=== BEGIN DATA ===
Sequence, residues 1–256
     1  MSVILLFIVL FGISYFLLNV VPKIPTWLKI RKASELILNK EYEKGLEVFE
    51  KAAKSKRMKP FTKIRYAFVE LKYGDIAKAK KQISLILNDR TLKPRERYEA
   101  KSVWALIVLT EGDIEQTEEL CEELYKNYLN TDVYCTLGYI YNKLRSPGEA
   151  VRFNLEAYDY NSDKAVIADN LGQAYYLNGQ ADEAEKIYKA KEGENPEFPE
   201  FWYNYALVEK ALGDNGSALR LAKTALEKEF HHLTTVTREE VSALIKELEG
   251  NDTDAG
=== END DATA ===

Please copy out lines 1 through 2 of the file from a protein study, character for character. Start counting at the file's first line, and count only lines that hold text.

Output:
Sequence, residues 1–256
     1  MSVILLFIVL FGISYFLLNV VPKIPTWLKI RKASELILNK EYEKGLEVFE